Up and down in Malaysia

As we look back on our month in Malaysia, we see peaks and valleys. It’s been a wild ride.

We didn’t exactly start on the right foot. Just 2 days into our relaxing beach/diving/snorkeling time in Borneo, Ken got sick with a fever. That’s 10 days I would prefer not to relive.

Travel started to feel brighter after that, even if the the scenery didn’t look so bright. This was our first time in true Southeast Asia. Yes, we had been to Singapore; however, we think of that as Asia Lite. Borneo, and soon we would learn most of Malaysia, was hot, dusty, dirty and strewn with garbage. So much garbage. It gives me pause to think of a culture so uncaring or poor or perhaps at peace with all their garbage. Unless the land is a Unesco World Heritage Site, garbage is a constant part of the scenery.

Being a tourist in Borneo is an odd experience. The best way to sum it up is indifference from the locals. If you don’t sign up with an expensive tour (as Ken and I usually don’t), you get a lesser experience. People are willing to get you there and point you in the direction of the site, yet there is little else in the way of information. It’s too bad, because when I really get to know a place or an animal, I have much more empathy for it. I may have more incentive to learn more or donate.

If you want the full experience, you’ll get it by paying for it. On full-blown tours or at places like Mulu caves (where paid tours are the only option), you will get a better, more informative experience. We did manage to visit some decent museums with helpful information, the best being the National Museum in Kuala Lumpur. One major upside to indifference is that very few touts will bug you. They don’t badger you to buy their products. If they even ask, they actually listen to a “no” response. That is refreshing.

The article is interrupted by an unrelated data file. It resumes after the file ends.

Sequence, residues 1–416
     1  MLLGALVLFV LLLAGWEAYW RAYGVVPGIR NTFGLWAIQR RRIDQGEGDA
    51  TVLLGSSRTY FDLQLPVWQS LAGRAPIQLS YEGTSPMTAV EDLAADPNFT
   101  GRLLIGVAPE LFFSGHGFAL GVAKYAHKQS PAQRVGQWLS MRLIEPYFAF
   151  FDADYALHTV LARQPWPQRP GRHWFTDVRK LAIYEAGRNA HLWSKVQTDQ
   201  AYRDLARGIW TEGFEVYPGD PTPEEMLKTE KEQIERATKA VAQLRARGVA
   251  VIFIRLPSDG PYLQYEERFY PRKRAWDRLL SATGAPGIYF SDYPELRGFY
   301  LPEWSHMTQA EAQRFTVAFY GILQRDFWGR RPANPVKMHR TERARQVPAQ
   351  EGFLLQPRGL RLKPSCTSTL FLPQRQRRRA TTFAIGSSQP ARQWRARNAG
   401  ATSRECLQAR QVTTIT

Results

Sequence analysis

Speaking of shopping, items are pretty cheap in Malaysia. You can get new clothes for as low as $3 US a piece. However, the cheaper clothes always have the sign, “No Trying”. As in, no heading to the fitting room to make sure it fits. Malaysians tend to be smaller people, so that might work for them. Amazon Americans like me have to try things on first. Ken and I came up with a standard response: “No trying, no buying”.

After having a few indifferent experiences, we started to count the number of nice Malaysian people we met. Thankfully, we ran out of fingers. Many people started a conversation with, “Where are you from?” When that was the extent of their English, the conversation ended there, but sometimes we could go further. All were surprised that we were from the US; they expected us to say that we were from Australia, since Malaysia does not get many American travelers. Too far to fly for a one week vacation, too inaccessible to some Americanized minds. Some Malaysians were very kind, helping us with directions, telling us to change buses on a long distance trip, teaching us about new foods, talking to us about their home lives. And don’t forget about our lovely afternoon with Rozi in Putrajaya.

Malaysia’s population is comprised of four distinct groups: Malaysian, Chinese, Indian and Indigenous. These people have mixed to form all sorts of sub-groups, like Baba Nyonya (Chinese women who married local Malaysians a century ago). It makes for wonderful cuisine, varied cultural influences and tons of holidays. Yet is there harmony? The government started an interesting marketing campaign in the country called 1Malaysia. Recently launched, it promotes the idea that all people of Malaysia are one, with equal treatment and access. When we asked locals about this, most laughed. One said that “1Malaysia is a joke” and that citizens of Chinese heritage are not treated fairly. Others said the campaign was unnecessary, as there are no racial issues.

1Malaysia... or is it?